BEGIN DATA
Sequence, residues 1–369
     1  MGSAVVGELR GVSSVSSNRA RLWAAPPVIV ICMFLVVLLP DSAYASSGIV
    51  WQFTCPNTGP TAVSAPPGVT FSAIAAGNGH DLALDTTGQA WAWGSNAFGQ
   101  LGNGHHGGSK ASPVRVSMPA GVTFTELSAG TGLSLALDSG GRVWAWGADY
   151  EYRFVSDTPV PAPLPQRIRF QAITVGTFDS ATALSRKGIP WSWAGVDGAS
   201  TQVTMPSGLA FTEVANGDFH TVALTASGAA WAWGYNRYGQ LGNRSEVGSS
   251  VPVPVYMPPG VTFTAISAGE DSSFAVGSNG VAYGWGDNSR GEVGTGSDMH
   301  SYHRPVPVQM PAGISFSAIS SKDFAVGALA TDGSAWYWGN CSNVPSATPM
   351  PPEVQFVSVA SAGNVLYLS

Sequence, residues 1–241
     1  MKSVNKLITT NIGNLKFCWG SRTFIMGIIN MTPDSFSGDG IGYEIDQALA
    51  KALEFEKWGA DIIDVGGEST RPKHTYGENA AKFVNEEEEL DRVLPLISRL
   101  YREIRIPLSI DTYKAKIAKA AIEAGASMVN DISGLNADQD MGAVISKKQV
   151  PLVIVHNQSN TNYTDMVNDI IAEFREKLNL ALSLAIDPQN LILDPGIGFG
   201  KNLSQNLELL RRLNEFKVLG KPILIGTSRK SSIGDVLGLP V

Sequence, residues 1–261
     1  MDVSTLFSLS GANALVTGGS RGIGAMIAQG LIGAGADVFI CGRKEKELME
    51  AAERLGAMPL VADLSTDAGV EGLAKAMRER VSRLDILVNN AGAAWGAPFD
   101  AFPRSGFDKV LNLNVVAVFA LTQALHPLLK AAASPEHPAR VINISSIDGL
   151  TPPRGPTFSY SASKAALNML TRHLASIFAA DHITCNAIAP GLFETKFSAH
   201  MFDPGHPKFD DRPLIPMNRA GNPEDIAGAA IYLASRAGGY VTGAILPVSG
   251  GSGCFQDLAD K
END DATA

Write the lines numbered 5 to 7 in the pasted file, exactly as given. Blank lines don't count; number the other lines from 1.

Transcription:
   151  EYRFVSDTPV PAPLPQRIRF QAITVGTFDS ATALSRKGIP WSWAGVDGAS
   201  TQVTMPSGLA FTEVANGDFH TVALTASGAA WAWGYNRYGQ LGNRSEVGSS
   251  VPVPVYMPPG VTFTAISAGE DSSFAVGSNG VAYGWGDNSR GEVGTGSDMH